In my book Ideology and Landscape, which is about reinterring Zionist leaders in the homeland, I devoted a chapter to the reburial of Baron Edmond de Rothschild in Ramat Hanadiv. He and his wife Ada (Adelheid) were reinterred there in April 1954 in an imposing public ceremony. An Israeli battleship brought the coffins from Marseille to Haifa, and from there they were transported to the majestic burial estate south of the Carmel.
In one part of the military cemetery in Jerusalem stands a lone and unusual gravestone, marking the grave of David Raziel, Commander of Etzel (also known as the Irgun, a Zionistparamilitary organization that operated in Mandate Palestine between 1931 and 1948). Not many are aware that this is Raziel’s third resting spot, after he was first interred in a British military cemetery in Iraq and later moved to a Jewish cemetery in Cyprus.
On Chanukah in the year 1897, shortly after the First Zionist Congress was held, Theodore Herzl wrote an article called “The Menorah,” in which he compared himself to the shamash that lights and wakes Jews of all affiliations. Recent research on Herzl and his family points to the bond between Judaism and Zionism that was the cornerstone of his Zionist thought. Herzl was not raised as an Orthodox Jew nor did he become such, yet the shift in his attitude towards Jews of different stripes represented a move away from the assimilationist stance of his youth, when he was alienated from Judaism.
With our return to sovereignty our eyes look towards the legislating body, the Knesset. We demand to find a legal way to end the injustice suffered by the Hebrew woman for generations […] and to allow neither legal nor civil discrimination (Ada Maimon). Ada Maimon, 50 Years of Women’s Workers Movement 1904-1954, Tel Aviv 1956, pp. 218-219. Ada Fishman and her brother, Rabbi Yehuda Leib Fishman, changed their surname in 1949 to Maimon, used henceforth in this article.
The coupling of the words Zion and Zionism reflects the aspiration to connect the bond between the Jewish People, past and present, and the Land of Israel (poetically referred to as ‘Zion’) to its modern national future as promised by the Zionist idea. This connection was already fixed during the development of nationalist thought in the days of Hibat Zion (‘Love of Zion’), in literary and publicist writings, but gained strength with the rise of the Zionist idea, which transformed the yearning to grace the earth of the Holy Land (Zion) into the establishment of a modern, sovereign national state (Zionism).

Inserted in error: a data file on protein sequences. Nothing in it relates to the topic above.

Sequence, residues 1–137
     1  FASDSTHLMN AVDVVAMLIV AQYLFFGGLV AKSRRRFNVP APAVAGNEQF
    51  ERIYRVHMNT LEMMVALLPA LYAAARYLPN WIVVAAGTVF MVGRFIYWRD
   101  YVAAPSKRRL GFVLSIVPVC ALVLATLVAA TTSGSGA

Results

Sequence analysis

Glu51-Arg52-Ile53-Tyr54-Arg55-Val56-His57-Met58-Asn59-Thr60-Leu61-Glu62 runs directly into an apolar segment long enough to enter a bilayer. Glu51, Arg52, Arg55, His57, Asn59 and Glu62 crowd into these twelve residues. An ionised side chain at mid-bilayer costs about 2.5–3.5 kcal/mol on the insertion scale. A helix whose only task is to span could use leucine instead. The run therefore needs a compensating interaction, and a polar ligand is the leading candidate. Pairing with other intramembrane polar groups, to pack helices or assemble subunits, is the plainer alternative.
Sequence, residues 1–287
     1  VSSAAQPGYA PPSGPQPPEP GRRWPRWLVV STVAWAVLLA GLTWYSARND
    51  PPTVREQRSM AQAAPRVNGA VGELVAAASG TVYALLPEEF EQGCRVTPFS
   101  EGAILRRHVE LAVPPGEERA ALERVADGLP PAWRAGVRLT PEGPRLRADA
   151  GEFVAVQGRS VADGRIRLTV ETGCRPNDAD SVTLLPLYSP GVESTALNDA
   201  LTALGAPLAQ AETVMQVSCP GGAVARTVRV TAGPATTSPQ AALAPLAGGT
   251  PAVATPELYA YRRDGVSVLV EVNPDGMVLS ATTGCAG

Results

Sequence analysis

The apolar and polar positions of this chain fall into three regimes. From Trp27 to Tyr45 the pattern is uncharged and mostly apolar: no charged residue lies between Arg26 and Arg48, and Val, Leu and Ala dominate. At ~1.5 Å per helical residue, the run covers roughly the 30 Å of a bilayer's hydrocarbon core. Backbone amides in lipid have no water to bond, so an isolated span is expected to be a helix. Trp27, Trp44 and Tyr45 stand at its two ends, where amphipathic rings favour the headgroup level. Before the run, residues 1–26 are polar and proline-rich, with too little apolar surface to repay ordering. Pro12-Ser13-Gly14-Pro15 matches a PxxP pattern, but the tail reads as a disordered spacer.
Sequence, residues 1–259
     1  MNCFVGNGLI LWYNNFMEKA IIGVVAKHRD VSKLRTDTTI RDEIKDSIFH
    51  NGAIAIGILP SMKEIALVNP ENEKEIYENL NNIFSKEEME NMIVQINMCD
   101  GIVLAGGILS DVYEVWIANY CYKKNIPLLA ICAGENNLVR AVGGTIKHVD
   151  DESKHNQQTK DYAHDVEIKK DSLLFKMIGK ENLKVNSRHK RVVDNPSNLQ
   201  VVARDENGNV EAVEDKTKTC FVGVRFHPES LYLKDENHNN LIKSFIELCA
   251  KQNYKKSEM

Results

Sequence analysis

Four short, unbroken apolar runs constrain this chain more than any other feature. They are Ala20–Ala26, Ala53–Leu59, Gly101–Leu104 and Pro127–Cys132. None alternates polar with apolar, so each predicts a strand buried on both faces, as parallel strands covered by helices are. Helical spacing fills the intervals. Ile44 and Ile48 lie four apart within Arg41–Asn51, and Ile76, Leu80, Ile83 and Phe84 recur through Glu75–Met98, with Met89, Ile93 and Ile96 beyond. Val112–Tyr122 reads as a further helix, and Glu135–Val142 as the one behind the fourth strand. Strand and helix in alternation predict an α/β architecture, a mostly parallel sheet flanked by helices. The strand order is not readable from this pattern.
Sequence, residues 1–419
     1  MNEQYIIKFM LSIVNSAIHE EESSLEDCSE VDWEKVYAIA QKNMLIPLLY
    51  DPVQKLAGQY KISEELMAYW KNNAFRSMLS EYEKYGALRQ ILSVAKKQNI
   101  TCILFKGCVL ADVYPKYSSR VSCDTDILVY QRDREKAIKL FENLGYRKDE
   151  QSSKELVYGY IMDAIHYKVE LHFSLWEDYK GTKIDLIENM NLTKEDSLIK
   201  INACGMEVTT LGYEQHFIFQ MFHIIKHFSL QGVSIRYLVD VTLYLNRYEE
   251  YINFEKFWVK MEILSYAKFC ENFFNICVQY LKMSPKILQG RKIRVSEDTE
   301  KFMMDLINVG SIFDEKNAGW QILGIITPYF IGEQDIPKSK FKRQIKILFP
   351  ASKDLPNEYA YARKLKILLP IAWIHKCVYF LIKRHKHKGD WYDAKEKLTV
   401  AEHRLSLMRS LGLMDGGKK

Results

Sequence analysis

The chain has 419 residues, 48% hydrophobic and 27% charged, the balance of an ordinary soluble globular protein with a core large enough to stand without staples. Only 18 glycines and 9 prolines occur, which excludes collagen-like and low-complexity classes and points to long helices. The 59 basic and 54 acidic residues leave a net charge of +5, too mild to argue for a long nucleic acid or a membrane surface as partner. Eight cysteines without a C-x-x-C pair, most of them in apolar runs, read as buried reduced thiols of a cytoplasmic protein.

The Days of Awe, or High Holidays, constitute one of two beginnings in the Hebrew calendar. The second beginning of the year is marked in the spring at Passover, Holiday of Freedom.
All the Jewish festivals are tied up with one another as commemorating Creation, a cosmic event from which all life in the universe originated, and as commemorating the Exodus, an event of national significance to the Jewish people in particular. But it can be argued that Rosh Hashanah and Yom Kippur represent more the cosmic aspect of traditional Jewish existence, while Passover, Shavuot and, to an extent, Sukkot represent more the national particular aspect.
As a Zionist and a religious Jew, I see God’s hand in the rebirth of the Jewish state, and the subsequent restoration of ancient Jerusalem and the Temple Mount to Jewish sovereignty. In fact, while most religious Zionists believe that the State of Israel marksthe beginning of the burgeoning of our redemption, my sense is that this rebirth and restoration are the totality of the promised redemption foretold by the prophets of yore, for which Jews have prayed for 2000 years.
These days, as the topic of the rift within the Jewish People pervades the media (less so the street), it behooves us to recall the early days of Zionism. The pioneers of secular Zionism perceived their movement to be a unifying force that created a common language for Jews of all ethnicities and beliefs.
The great strength of any national movement, Zionism included, is founded on its social justification and is based to a large extent upon foundations built in the past.[note] Shmuel Almog, “The Historical Dimension of Jewish Nationalism,”Zion, 53, 4 (1986), pp.405-421.[/note] Zionism chose to establish itself upon fundamentals that were familiar to its supporters and with which they identified; the same principles would also be respected by the free world. On this basis did the Zionist leaders present themselves and their movement, taking care to differentiate Zionists from “the others.” [note] Ibid., p. 417.[/note]
After celebrating Pessch and our exodus from Egypt, come the days of fear and trepidation: Holocaust Remembrance day, Memorial Day for the fallen soldiers, Independence Day and Jerusalem Day; the new commemorative days, engraved in the book of chronicles of our time, days of testimony on the destruction of our people and its revival in Zion.